HATE CAMPAIGN DIRECTED AT MUSLIM LEADER JAMAL RIFI OVER CHARITY WITH JEWISH HELPERS
Dr Jamal Rifi says: “People in Sydney are scared about this behaviour.”
Picture: Tim Hunter.
Exclusive by Natalie O’Brien, News Corp Australia Network
A hate campaign inciting violence and potentially endangering the life of one of Sydney’s most prominent and respected Muslim community leaders is being investigated by NSW police.
Belmore GP Jamal Rifi has been advised to vary his routine and change his place of worship after it was revealed Muslim community members in Sydney have been inciting hatred and violence against him for supporting a charity, which includes Jewish volunteers, helping sick Palestinian kids.
But the threats have also included Muslims who attended Premier Gladys Berejiklian’s Iftar dinner last week and were seen fraternising with Jewish leaders.
Dr Rifi said he was forced to call in the authorities after being threatened, verbally attacked on social media and labelled a Zionist collaborator and spy.
“People in Sydney are scared about this behaviour. It is threatening to tear apart the social cohesion of our religious and ethnic communities,” said Dr Rifi.
The doctor, who has Lebanese heritage, said information sent from Sydney has resulted in a referral to the Military Court in Lebanon calling for his prosecution and possible imprisonment should he return to that country to visit his family.
Police have taken statements and have been given information about who is behind the campaign and responsible for sending information to the media and military police in Lebanon.
A NSW Police spokesman said officers from Campsie Police Area Command were investigating the allegations.
“While the investigation remains with local police, appropriate referrals have been made to the Engagement and Intervention Unit and Bias Crime Unit within the Counter Terrorism and Special Tactics Command,” said the spokesman.
“Police have zero tolerance towards all bias-related crime and treat all matters seriously. “Anyone who believes they have been a victim is urged to report the matter to police.”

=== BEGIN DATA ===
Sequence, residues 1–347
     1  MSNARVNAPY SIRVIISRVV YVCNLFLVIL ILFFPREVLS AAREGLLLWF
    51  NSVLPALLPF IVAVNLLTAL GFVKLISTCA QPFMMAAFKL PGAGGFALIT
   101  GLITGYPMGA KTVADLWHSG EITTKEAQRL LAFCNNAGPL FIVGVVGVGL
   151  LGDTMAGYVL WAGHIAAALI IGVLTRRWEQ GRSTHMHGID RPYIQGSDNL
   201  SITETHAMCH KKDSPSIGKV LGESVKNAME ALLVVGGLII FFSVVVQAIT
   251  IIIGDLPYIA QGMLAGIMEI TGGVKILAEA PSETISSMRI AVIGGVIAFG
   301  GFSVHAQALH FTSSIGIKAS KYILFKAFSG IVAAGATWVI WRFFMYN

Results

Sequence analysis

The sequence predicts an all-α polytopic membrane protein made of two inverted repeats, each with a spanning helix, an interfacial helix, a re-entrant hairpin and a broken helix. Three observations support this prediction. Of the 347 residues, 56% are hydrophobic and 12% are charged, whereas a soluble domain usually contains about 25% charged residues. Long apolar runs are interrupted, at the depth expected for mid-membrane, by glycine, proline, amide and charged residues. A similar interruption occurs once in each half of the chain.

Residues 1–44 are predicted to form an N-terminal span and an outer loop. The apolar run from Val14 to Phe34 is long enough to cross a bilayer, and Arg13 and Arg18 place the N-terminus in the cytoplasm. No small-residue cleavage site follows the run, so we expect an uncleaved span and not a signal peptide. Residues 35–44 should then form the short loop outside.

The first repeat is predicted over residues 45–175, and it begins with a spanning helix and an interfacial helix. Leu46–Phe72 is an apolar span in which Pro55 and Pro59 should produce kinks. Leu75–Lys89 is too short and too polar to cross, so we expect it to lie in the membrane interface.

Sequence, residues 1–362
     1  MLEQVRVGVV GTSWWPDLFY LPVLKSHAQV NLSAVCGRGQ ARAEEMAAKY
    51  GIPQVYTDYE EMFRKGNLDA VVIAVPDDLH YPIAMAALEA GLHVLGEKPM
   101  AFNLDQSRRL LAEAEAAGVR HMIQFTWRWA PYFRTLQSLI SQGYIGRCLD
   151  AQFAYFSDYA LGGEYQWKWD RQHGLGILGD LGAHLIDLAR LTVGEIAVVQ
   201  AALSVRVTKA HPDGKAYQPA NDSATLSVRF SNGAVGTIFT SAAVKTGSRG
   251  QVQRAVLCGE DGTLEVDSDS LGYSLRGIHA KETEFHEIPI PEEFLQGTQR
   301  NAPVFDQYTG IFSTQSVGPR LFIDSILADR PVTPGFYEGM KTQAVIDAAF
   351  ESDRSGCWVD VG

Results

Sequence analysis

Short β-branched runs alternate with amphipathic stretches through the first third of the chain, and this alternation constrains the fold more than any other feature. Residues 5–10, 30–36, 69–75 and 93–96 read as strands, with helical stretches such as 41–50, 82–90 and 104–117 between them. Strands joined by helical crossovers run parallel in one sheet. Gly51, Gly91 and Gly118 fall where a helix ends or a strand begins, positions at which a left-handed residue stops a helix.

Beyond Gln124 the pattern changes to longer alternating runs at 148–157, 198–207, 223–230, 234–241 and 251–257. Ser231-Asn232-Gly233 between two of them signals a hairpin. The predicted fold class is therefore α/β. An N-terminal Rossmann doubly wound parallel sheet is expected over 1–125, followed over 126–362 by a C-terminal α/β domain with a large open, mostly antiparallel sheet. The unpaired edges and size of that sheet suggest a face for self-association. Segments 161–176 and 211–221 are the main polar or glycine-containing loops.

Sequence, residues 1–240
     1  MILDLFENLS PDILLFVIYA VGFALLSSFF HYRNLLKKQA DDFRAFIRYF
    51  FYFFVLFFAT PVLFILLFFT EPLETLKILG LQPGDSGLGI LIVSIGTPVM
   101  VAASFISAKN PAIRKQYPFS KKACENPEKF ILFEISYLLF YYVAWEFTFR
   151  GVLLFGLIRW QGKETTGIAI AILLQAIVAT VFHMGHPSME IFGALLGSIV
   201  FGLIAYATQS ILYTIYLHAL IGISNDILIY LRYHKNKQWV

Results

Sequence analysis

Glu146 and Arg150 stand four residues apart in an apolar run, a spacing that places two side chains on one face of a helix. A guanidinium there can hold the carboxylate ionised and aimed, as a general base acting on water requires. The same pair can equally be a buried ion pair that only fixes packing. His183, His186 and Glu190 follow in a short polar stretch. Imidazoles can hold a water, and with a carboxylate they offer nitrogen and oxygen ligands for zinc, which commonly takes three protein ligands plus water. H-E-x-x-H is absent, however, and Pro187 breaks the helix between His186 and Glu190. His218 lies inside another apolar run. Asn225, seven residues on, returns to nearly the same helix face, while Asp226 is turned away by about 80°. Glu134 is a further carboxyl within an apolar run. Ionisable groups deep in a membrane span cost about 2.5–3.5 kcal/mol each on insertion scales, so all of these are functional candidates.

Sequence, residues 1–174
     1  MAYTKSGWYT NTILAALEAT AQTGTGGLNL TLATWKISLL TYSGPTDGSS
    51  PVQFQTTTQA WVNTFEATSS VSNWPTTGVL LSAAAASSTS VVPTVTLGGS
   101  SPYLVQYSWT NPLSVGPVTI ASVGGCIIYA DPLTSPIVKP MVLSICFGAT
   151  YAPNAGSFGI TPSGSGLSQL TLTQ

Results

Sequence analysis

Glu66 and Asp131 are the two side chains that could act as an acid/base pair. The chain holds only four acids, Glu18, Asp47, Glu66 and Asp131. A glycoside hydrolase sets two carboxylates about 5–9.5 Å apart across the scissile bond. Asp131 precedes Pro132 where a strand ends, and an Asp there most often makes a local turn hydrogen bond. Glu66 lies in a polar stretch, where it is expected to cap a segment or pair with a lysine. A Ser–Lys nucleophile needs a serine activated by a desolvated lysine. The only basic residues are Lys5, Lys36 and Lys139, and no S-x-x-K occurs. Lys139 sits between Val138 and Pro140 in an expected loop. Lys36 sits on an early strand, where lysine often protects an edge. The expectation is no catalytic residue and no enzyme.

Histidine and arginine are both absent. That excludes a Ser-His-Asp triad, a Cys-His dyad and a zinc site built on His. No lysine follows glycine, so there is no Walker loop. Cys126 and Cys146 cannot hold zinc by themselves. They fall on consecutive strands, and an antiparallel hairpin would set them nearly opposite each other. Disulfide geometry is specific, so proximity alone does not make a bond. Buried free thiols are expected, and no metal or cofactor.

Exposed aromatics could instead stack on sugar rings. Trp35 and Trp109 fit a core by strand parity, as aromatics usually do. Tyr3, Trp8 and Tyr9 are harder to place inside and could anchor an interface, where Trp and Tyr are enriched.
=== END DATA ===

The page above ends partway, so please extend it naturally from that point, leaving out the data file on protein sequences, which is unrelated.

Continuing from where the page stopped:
A spokesman for the NSW Government added: “The NSW Liberals and Nationals Government is committed to promoting and maintaining social cohesion and community harmony.
Tim Soutphommasane (pictured above, credit: Hollie Adams) says we should be celebrating friendships across religious groups.
“The NSW Government does not tolerate behaviour that puts community safety and harmony at risk. Everyone in NSW should be able to go about their daily life without fearing for their safety. It is the diversity in our community that makes us stronger.
“Publicly inciting or threatening violence against a person on the grounds of their religious belief or affiliation is appalling conduct now punishable by up to three years imprisonment and a $11,000 fine.”
Former Racial Discrimination Commissioner Tim Soutphommasane said “if there is criminal conduct involved, the police should investigate and take action”.
“This is deeply disturbing. Dr Rifi is a respected leader who has worked tirelessly for community harmony and multiculturalism,” said Mr Soutphommasane.
“Members of our community should not be subjected to campaigns of intimidation, persecution or violence. We should be celebrating friendships across cultural and religious groups, not condemning them.”
Guests who attended the dinner by Premier Gladys Berejiklian Iftar (pictured above, credit: John Feder) have been targeted.
The hate campaign has targeted prominent and high-profile people who supported a fundraising dinner last week for the charity known as Project Rozana, which had David Gonski AC and Lakemba MP Jihad Dib as its patrons.
But it is understood to be also targeting Muslim community members attending the Premier’s Iftar dinner last week, particularly those who sat with or talked to Jewish leaders who were also invited.
True Crime Australia has been told there has been a call for photographs from the Premier’s dinner to be collected and sent to police/military authorities overseas.
Project Rozana helps sick Palestinians in Gaza and the West Bank, particularly children, get to hospitals in Jerusalem that they would not otherwise be able to access.
The Project, which was started by Jewish businessman Ron Finkel, arranges both Palestinian and Israeli drivers to get the patients across the checkpoints into hospital. It also helps Palestinian doctors to get training at some of the best hospitals in Jerusalem.
Critics have also attacked Dr Rifi and others for their support of the project claiming it “normalises” the situation between Palestine and Israel.
Palestinian Ambassador in Australia, Dr Izzat Abdulhadi, put out a statement which said Project Rozana provides critical financial support for children who have rare or complicated illnesses or injuries and who need to be transferred to one of these hospitals and for various reasons, the Palestinian Authority is unable to support them financially.
Dr Abdulhadi said that World Vision, an Australian civil society organisation, is a partner of the Project and has provided more than $400,000 in contributions to strengthen the health sector in Palestine.
“There is absolutely no relationship between the Israeli government and the Project. There is no reason, therefore, to fabricate a connection between a genuine Australian development project and the Israeli occupation or Israeli hegemony,” said Dr Abdulhadi.
NSW was the first state or territory in Australia to make it unlawful for a person, by a public act, to incite hatred on the grounds of race by threatening physical harm or inciting others to threaten such harm. The maximum penalty is a $10,000 fine or six months imprisonment for an individual – $100,000 for a corporation.
New legislation known as 93Z which toughed up the laws around inciting violence was passed last year and is yet to be tested.